First off, found an interesting blog by Errol Morris, a documentary filmmaker. In this article, he writes about continuity errors - for instance, how a director can change the actors mid-movie and most people still wouldn't notice - and how that relates to the idea of narrative overriding evidence, change blindness, and the documentary he made which helped free a wrongfully imprisoned man. Through the piece, he moves from philosophical quotes like:
If the world ceased to exist for 2/3 of a second would we fail to
to cute facts like:
Everyone knows the most famous line from the movie “Casablanca” isn’t a line in
the movie “Casablanca.” When Ilsa enters Rick’s Café Americain, she says to Sam,
“Play it, Sam.” But everyone remembers, “Play it again, Sam.” So why does
everyone remember the line incorrectly? I have a simple theory. Because the
additional word “again,” clearly captures that something is being repeated,
something is being re-enacted.
It's funny that he uses the idea of an orange at the end to give an example of image vs perception vs consciousness, and in his earlier post focusing on the documentary of the innocent man, says
The engine of uncovering truth is not some special lens or even the unadornedBecause Jim Cowen's Spade of Reason (my favorite short story) uses the example of an orange to illustrate how we make models in our head as well.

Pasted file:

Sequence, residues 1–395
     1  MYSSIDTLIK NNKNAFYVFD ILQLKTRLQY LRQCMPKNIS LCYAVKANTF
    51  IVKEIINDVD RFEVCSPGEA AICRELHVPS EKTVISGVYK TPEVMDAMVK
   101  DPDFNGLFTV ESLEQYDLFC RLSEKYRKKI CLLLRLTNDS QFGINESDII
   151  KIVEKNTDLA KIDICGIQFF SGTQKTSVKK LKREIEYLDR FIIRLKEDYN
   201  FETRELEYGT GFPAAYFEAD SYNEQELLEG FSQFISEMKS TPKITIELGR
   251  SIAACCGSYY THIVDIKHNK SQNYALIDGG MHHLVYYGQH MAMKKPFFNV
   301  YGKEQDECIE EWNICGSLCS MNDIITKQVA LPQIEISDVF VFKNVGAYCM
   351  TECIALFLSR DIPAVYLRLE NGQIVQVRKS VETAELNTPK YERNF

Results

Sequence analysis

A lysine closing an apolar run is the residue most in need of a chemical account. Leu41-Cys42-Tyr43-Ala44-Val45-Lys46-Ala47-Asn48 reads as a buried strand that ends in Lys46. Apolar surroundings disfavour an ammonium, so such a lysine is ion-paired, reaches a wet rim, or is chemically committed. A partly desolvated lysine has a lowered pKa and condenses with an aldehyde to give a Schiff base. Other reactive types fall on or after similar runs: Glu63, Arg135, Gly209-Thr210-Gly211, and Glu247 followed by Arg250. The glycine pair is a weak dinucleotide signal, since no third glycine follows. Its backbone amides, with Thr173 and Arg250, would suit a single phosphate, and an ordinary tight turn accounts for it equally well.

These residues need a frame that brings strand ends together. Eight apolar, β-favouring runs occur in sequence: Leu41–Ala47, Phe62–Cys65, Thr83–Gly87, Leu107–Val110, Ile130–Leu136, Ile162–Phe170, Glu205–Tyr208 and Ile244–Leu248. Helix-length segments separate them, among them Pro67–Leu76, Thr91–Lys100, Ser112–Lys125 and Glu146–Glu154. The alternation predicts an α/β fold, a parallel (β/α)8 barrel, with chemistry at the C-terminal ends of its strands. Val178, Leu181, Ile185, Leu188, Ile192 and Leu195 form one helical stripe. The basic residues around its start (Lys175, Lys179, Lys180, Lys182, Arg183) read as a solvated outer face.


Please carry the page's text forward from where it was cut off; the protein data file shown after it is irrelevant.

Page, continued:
human eye; it is unadorned human reason.
The second post is from Michael Yon, who's castigating Michael Moore (and others) for using a rather famous photo taken by Yon (to him, a true thing) to illegally (because Yon owns the copyright) convey falsehoods. I still have not watched any of Moore's works (not even Columbine) and haven't really formed an opinion, but Yon was fairly critical of Moore even outside his use of the photo - which given my currently fairly high opinion of Yon, doesn't reflect too well on Moore.
But that's not the point. The point is that idea of truth - the engine of truth is reason, according to Morris, and when you apply that to Yon's post, you get a rather more nuanced version of Yon's reasoning. Which is, the photo is "true", not because it is a statement of fact ( a photo is just a capture of a particular perspective of a scene - fact, perhaps, but not truth), but because when Yon shared it with the world, the context was fully disclosed - at least as far as was possible (which I will not discuss further, because the examples I give could offend). And in Yon's view, when Moore puts it into a different context, the implication, the reasoning that follows draws a false link (and Moore should know that this is false) between the death and the politicians in the same poster.